August 28, 2012/FOR IMMEDIATE RELEASE
SouthCoast Energy Challenge Dartmouth Initiative Surpasses Energy Savings Target
DARTMOUTH, MA – The Dartmouth Initiative, a public-private partnership between SEEAL and the SouthCoast Energy Challenge, NSTAR, Real Goods Solar, Next Step Living, and the Town of Dartmouth to encourage energy efficiency and awareness, has surpassed its energy savings target by nearly 10%, making SEEAL eligible for a final incentive payment of $10,118 from NSTAR.
The project goal is to help Dartmouth residents save money, build community, and protect the planet through improved energy efficiency and awareness, and increased use of alternative energy. TheSouthCoast Environmental Education Alliance (SEEAL), in partnership with NSTAR’s Community Outreach Pilot, surpassed its energy savings target through outreach to sign Dartmouth residents up for home energy assessments. The incentive payment will support past and ongoing outreach efforts.
“We’re pleased that organizing efforts over the past year at SEEAL have resulted in energy savings exceeding goals set for Dartmouth residents under NSTAR’s Community Energy Challenge pilot program,” said Bill Stack, NSTAR’s Energy Efficiency Spokesman. “SEEAL’s organizers have spread the word about the MassSave Home Energy Services Program and Dartmouth residents have, in turn, benefited from energy savings and increased comfort levels in their homes.”
The Dartmouth Initiative is also sponsored by Bristol County Savings Bank.
The SouthCoast Energy Challenge is a regional campaign to help local households take energy saving action in a fun, friendly competition. The Challenge offers residents an easy pathway to energy efficiency, and now offers rewards as well. The goal is to help residents save money while also limiting harmful CO2 emissions.
Through its Dartmouth Initiative, all town residents are eligible to receive a home energy assessment at no cost, as well as great savings on weatherization work through the Mass Save program. Residents already pay for this assessment, valued at $300-$500, via an energy conservation fee on their utility bill; the assessment typically helps residents save 3-5% on their energy bills. Home energy assessments take about an hour, during which an expert comes into your home to make simple improvements and suggest ways for deeper efficiency.
An assessment can also result in CO2 emissions savings, which contributes to the broader carbon reduction goals of the SouthCoast Energy Challenge. The Initiative also supports the Town of Dartmouth’s goal to become a Green Community.
SouthCoast Energy Challenge Business Rewards Partner Mirasol’s Café on Route 6 in Dartmouth has been successful in signing people up for the Challenge. Anyone who signs up for a home energy assessment at SEEAL Receives $10,118 incentive payment from NSTAR Mirasol’s gets a $10 gift certificate to the café. As of this month, 18 SouthCoast residents have signed up through Mirasol’s.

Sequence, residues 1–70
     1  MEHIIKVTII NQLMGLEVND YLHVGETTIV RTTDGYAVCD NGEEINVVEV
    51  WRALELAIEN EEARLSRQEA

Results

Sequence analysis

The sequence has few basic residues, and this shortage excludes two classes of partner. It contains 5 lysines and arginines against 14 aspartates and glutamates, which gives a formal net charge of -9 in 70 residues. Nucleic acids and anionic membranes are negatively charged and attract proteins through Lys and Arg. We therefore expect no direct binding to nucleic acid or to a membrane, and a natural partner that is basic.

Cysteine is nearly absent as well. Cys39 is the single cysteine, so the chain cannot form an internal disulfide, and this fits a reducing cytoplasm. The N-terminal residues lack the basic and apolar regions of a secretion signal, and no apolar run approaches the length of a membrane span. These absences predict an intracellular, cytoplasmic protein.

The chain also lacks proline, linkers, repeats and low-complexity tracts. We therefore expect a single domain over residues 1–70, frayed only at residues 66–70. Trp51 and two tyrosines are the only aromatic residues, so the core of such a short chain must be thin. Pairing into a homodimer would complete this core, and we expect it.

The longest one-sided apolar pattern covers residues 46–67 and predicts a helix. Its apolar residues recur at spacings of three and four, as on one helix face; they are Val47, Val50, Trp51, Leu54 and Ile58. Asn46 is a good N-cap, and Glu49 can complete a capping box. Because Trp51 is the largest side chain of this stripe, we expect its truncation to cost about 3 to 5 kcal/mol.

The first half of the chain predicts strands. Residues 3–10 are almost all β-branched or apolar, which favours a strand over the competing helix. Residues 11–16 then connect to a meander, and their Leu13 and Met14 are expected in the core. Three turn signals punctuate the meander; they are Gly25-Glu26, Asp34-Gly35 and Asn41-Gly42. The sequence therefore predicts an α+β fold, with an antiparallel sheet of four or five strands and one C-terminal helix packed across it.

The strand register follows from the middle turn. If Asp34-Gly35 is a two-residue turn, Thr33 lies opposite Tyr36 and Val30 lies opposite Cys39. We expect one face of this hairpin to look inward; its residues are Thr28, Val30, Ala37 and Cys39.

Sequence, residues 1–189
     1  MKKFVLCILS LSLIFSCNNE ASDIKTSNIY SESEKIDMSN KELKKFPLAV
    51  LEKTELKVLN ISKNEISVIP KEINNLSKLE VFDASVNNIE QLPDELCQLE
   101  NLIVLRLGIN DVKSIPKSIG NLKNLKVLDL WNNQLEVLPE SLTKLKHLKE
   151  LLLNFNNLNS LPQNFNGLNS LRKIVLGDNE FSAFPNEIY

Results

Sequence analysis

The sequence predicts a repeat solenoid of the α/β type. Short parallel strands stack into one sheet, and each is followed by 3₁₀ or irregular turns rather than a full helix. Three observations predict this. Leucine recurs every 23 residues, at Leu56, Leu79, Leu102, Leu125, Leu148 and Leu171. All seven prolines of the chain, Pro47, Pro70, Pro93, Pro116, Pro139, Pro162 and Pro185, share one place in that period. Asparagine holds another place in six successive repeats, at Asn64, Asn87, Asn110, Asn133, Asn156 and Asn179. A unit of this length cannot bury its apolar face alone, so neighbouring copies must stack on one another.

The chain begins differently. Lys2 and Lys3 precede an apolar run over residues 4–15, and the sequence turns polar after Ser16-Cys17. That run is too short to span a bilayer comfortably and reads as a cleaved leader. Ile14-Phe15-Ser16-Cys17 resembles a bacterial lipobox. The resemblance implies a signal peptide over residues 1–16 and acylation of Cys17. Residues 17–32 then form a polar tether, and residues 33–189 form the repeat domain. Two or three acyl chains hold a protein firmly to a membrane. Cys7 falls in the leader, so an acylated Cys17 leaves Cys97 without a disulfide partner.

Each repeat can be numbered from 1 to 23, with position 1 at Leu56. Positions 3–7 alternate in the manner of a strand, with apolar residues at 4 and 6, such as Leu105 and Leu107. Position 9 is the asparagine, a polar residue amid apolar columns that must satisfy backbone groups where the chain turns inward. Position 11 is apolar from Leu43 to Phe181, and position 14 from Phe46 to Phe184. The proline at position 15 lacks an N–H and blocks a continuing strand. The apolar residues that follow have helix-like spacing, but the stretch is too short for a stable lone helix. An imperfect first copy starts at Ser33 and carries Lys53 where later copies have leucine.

Also a partner is the Dartmouth YMCA, which is signing people up for home energy assessments as well. The SouthCoast Energy Challenge will donate $10 to the YMCA for each person the Y signs up for an assessment.
The Branch Executive Director of the Dartmouth YMCA, Derek Heim, said of the Challenge, “The Dartmouth YMCA is pleased to be partnering with the SouthCoast Energy Challenge. The commitment to a healthier environment is a natural fit with the YMCA mission and we are pleased to be helping our community realize the potential of energy efficiency. Our members have embraced this challenge and are eager to register for the challenge and hear how increased home efficiency can impact their home.”
The Energy Challenge recently signed its first solar contract with a Dartmouth resident; the town is #5 in Massachusetts for solar installations, according to the recently released Mass. Environment Report “Massachusetts’ Solar Leaders: The Cities and Towns at the Forefront of the Clean Energy Revolution.” David Cressman, Dartmouth Town Administrator said, “The Town of Dartmouth has been proud to be hosting the South Coast Energy Challenge at Town Hall so that there may be a better opportunity for South Coast Energy Challenge to bring its program to Dartmouth residents. Furthermore, it is a recognition of the dual work of both organizations that has lead Dartmouth to be the solar development leader on the South Coast.”
The 2011 ACEEE State Energy Efficiency Scorecard, released by the American Council for an Energy-Efficient Economy, shows that Massachusetts has overtaken California as the #1 most energy efficient state. The Commonwealth has also leapt to the forefront of the rising solar energy economy, with solar energy growing 30-fold since 2007, from less than 4 megawatts of solar panels to more than 110, according to the Mass. Environment Report. That puts Massachusetts well on its way to meeting Gov. Deval Patrick’s goal of installing 250 megawatts of solar power by 2017 and the state’s commitment to installing 400 megawatts of solar power by 2020.
Massachusetts has a great deal to gain by “going solar.” Cleaner air and a more robust economy are among the many benefits solar energy can deliver to Massachusetts. Solar power saves energy and reduces air pollution, including pollution that contributes to global warming.
The longest-running program fund of the Community Foundation of Southeastern Massachusetts, SEEAL is a non-profit network of 20 partner organizations governed by a 21-member Board of Directors collaborating to mobilize community resources and increase capacity for environmental education programs and activities. For over a decade, SEEAL has acted as an umbrella organization, applying for and providing over $1.5 million in grants to local non-profits and organizations that provide environmental education, outreach, and mitigation in Southeastern Massachusetts.